To obtain N 2 from NF 3 gas, we applied thermal decomposition method. 26,27 Copper chips and 0.05 MPa of NF 3 gas (> 99.99 %, Hankook Special Gases Co. Ltd., Rep. of Korea) were placed inside a Pyrex tube, and heated to approximately 500 ℃. During the reaction, the tube was carefully shaken and blended to prevent any mass discrimination effect to the sample. After 20 minutes of reaction, it was confirmed that more than 80 % of NF 3 had been converted into N 2 gas. To remove by-products of the reaction, mostly SiF 4 , the Pyrex tube was treated with liquid oxygen to separate N 2 from gas sample. For N 2 isotope ratio measurement, N 2 + ion was only used because the abundance of N 2 + peak accounted for above 90 % among all nitrogen ions including doubly charged and fragmented ions.
Mass Discrimination Factor. The factor to correct the mass discrimination effect, f MD, can be calculated from Eq. (2).
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where, Δ m = m i m j , ( m i > m j )
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In Eq. (2), i and j represent the isotopes those masses of mi and mj , and R( i/j ) ref and r( i/j ) ref are the real isotope ratio and measured isotope ratio of the isotope reference material composed of isotopes, i and j . Δ m represents the mass difference in the two isotopes and has been included in the calculation of f MD to address the previous reports that mass discrimination is generated with mass dependency from a variety of origins. 28,29 The obtained f MD using the reference material is then used to convert the unknown sample’s measured isotope ratio, r( i/j ) sp , to real isotope ratio, R( i/j ) sp , shown in Eq. (3). Often, the mass discrimination correction factor is noted by K , as shown in Eq. (4). 12,14-18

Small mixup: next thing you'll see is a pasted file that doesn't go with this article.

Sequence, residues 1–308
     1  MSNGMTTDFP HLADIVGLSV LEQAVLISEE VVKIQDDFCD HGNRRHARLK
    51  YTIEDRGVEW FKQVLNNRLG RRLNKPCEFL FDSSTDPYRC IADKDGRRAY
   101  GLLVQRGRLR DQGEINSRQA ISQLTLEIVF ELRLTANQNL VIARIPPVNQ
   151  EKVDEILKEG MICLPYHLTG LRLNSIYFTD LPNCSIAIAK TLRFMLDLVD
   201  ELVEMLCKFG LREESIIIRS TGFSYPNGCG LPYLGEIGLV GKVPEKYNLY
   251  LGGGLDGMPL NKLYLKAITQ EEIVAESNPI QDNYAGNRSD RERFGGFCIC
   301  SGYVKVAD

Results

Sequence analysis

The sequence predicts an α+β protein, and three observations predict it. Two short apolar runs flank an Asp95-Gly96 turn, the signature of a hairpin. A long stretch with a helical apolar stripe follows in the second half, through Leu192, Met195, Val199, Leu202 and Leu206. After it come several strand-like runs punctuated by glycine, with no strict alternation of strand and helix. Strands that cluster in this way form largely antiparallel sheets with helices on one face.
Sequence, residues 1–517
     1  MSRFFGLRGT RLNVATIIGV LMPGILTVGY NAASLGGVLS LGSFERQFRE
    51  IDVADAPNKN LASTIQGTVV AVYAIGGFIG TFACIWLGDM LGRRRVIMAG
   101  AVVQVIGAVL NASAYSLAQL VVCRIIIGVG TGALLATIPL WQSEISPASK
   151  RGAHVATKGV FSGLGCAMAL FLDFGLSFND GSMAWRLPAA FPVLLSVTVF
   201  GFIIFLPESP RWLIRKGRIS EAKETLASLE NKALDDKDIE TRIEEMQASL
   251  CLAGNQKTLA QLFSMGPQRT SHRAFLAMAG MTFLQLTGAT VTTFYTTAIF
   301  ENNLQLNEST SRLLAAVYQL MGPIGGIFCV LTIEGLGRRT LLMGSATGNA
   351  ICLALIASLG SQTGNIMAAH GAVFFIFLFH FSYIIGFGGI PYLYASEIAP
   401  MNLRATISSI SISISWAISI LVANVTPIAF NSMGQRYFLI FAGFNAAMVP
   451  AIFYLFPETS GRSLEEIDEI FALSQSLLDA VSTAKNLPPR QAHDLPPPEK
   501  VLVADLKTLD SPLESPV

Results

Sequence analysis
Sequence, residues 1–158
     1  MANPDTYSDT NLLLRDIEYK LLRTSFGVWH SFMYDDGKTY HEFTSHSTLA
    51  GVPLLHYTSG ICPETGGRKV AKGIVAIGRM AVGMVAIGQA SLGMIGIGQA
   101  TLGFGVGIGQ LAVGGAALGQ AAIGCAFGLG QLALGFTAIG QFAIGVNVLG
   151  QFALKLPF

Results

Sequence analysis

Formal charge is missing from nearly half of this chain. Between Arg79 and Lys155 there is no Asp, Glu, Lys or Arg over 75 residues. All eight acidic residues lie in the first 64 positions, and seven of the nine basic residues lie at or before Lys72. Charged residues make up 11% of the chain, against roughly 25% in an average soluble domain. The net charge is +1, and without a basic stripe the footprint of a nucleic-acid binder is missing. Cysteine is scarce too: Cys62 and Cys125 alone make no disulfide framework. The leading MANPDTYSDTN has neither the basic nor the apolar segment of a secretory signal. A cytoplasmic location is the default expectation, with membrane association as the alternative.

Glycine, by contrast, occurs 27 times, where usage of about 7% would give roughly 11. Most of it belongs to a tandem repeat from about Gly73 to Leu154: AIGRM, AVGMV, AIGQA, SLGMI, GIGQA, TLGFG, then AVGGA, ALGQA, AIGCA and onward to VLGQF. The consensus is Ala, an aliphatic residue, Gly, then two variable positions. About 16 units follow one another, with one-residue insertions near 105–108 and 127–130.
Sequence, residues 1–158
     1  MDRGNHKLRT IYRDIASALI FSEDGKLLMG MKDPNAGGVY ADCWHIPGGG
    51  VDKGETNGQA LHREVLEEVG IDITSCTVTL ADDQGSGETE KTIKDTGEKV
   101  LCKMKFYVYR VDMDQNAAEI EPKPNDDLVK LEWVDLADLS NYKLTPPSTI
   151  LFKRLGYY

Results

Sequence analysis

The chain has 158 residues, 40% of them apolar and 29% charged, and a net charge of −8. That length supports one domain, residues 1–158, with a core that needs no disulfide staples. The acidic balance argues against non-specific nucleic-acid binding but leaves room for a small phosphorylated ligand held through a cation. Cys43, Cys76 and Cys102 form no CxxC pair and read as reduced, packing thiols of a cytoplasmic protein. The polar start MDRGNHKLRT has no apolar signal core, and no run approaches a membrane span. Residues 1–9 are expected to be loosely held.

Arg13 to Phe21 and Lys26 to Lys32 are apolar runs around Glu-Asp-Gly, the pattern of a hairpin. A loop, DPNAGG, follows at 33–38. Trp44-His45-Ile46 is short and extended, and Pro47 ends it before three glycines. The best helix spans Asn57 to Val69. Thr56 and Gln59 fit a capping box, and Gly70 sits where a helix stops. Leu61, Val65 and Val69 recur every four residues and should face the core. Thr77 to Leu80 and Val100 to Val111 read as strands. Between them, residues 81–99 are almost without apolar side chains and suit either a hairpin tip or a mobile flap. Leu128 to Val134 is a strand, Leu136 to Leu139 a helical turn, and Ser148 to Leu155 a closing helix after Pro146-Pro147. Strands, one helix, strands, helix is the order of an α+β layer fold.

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Results and Discussion
fMD from Ar Isotope Mixtures . The mass discrimination factor, f MD , obtained by gas/MS measurement of each Ar isotope mixture is shown in Table 3 . The weighted average of f MD (Ar) from three isotope mixtures is −0.044 % ± 0.017 %, being close to zero. Although isotope ratios from three different isotope mixtures were varied by a factor of 100 times or greater, f MD values of mixtures were well agreed within their uncertainties. This confirmed that not only all artificial isotope mixtures were reproducibly well prepared by the gravimetric technique, but the linearity in Faraday cup detector of gas/MS would not be an issue in this work. The relative uncertainty in gravimetric preparation and isotope ratio measurement of Ar was precisely determined to be less than 0.16 %, allowing f MD (Ar) of low uncertainty.
Mass discrimination factor (fMD) of isotope gas mixtures
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Mass discrimination factor ( fMD) of isotope gas mixtures